Dex Media files for Chapter 11 bankruptcy protection; Pacific Magazines launch new sites for Women’s Health, Men’s Health
Morning Brief: Gannett sends Tribune Publishing’s board of directors letter with offer details, hoping the board will ‘agree that the offer is so compelling that they will begin constructive negotiations with Gannett immediately’
The phone book company Dex Media has filed for Chapter 11 bankruptcy protection. The prepackaged plan of reorganization, along with voluntary petitions, was filed in the U.S. Bankruptcy Court for the District of Delaware.
As of the end of last year, Dex Media finds itself with $2.65 billion in debts, and only $1.27 billion in assets.
“Today’s developments are important milestones in our continued progress toward establishing a capital structure that will support our new strategy and enable our growth,” said Dex Media President and CEO Joe Walsh. “Our Plan meets a critical need for our future – a capital structure that will significantly reduce our indebtedness and provide us with the financial flexibility and strength we need to achieve our growth objectives and remain a strong partner to the local businesses we are committed to supporting across the country.”
Dex Media gave details of its reorganization plan:
- Dex Media’s senior secured lenders will exchange their current $2.12 billion of claims for a new $600 million new first-lien term loan; 100% of the equity of the reorganized Dex Media, subject to potential dilution from a management incentive plan; and a cash distribution upon emergence from bankruptcy.
- The Company’s unsecured noteholders will receive a $5 million cash payment and warrants to purchase up to 10% of the post-reorganized equity.
- All allowed trade vendor claims will be paid in full.
The company said it has enough cash on hand to avoid needing a new loan, and continues to generate positive cash flow to fund its ongoing operations, including paying employees.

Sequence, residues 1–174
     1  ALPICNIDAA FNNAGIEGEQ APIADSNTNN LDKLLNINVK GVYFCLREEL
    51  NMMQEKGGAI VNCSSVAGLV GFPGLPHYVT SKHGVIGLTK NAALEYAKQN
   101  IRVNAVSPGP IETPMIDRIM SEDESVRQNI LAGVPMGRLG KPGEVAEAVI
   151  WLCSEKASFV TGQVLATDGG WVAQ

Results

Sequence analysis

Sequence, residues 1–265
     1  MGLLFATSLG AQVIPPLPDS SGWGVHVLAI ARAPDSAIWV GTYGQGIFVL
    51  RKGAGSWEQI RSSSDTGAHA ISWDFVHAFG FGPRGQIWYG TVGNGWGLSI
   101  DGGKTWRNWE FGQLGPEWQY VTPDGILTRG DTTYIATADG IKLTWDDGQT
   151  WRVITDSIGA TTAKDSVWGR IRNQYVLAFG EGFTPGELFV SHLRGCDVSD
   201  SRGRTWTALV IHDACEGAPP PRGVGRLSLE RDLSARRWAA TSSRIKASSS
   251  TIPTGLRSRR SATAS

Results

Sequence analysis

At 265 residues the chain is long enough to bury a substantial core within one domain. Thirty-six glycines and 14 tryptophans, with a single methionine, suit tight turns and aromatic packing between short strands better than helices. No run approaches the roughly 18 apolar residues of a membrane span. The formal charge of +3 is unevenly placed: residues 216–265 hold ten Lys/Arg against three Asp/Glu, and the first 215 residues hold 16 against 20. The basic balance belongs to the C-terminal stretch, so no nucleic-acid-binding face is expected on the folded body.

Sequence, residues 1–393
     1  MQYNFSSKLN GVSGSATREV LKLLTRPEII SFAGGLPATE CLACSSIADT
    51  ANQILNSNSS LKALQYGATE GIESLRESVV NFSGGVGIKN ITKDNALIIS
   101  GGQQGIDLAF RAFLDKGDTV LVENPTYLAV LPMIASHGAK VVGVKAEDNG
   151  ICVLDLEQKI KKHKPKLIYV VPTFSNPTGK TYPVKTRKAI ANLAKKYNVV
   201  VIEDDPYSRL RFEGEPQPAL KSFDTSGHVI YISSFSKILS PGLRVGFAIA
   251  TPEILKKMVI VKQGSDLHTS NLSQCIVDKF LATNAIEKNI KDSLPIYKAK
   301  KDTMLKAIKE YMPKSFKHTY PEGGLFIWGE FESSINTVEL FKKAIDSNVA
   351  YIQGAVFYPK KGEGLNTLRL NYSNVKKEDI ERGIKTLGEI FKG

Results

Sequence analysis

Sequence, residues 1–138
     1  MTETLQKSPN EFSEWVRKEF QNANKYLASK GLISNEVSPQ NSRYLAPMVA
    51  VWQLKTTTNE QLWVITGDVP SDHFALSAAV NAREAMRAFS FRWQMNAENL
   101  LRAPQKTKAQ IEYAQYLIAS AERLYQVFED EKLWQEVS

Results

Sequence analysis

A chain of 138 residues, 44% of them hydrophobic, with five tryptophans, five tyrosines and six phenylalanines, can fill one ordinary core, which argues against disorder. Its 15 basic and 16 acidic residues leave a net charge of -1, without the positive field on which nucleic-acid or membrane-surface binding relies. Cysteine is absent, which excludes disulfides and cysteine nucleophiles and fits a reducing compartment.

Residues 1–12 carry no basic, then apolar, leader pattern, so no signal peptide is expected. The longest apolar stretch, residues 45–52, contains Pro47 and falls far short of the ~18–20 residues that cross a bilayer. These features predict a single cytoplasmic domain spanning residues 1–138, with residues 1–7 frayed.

Dex Media was founded in 2013 following the merger of two publishers who had filed for bankruptcy, Dex One and SuperMedia. As the need for printed phone directories has fallen, the company has become more of a digital marketing company, providing its information through apps and websites, while providing its advertisers digital marketing solutions more than print, though it still sells Yellow Pages advertising.
Pacific Magazines, the magazine publisher in Australia and New Zealand owned by Seven West Media, is launching its own magazine branded websites, after previously partnering on them with Yahoo7 – itself a partnership between Yahoo and the Australian media company. The latest to be launched are for Women’s Health and Men’s Health.
“The teams have worked exceptionally hard over the last month to deliver on our ambitious commitment to launch 12 new sites by the end of June,” Pacific Magazines CEO Peter Zavecz said in the announcement. “These mobile first, data optimized digital products have set new benchmarks with the audience and commercial partner reaction and daily traffic to date exceeding all expectations.”
Earlier this year the publisher had announced that sales and editorial control for the magazine titles would be taken back from Yahoo7, who would still supply native advertising for the websites.
“Our clients will benefit from a single solution across all platforms, whilst the consumer experience will be seamless across publishing, social, video and online. This will drive our deep expertise in content, brands and categories whilst completing our multi-platform offering and total audience footprint,” Zavecz said at the time.
The new websites still come up in a Google search as having Yahoo URLs, but the sites now bounce to new addresses.
Earlier this month Pacific Magazines launched new sites for their Marie Claire and Who magazine brands.
Yesterday, Gannett continued its effort to acquire Tribune Publishing, increasing its original offer to pay $12.25 up to $15 a share.
Tribune’s response was basically ‘yeah, we received the offer, we’ll look at it.’
Some industry observers believe it will be hard for Tribune management to turn down the offer, especially with the company’s second largest shareholder, Oaktree Capital Management, supportive of a sale. But I give the prospects for a deal no more than a 50-50 chance. I have two reasons for feeling this way.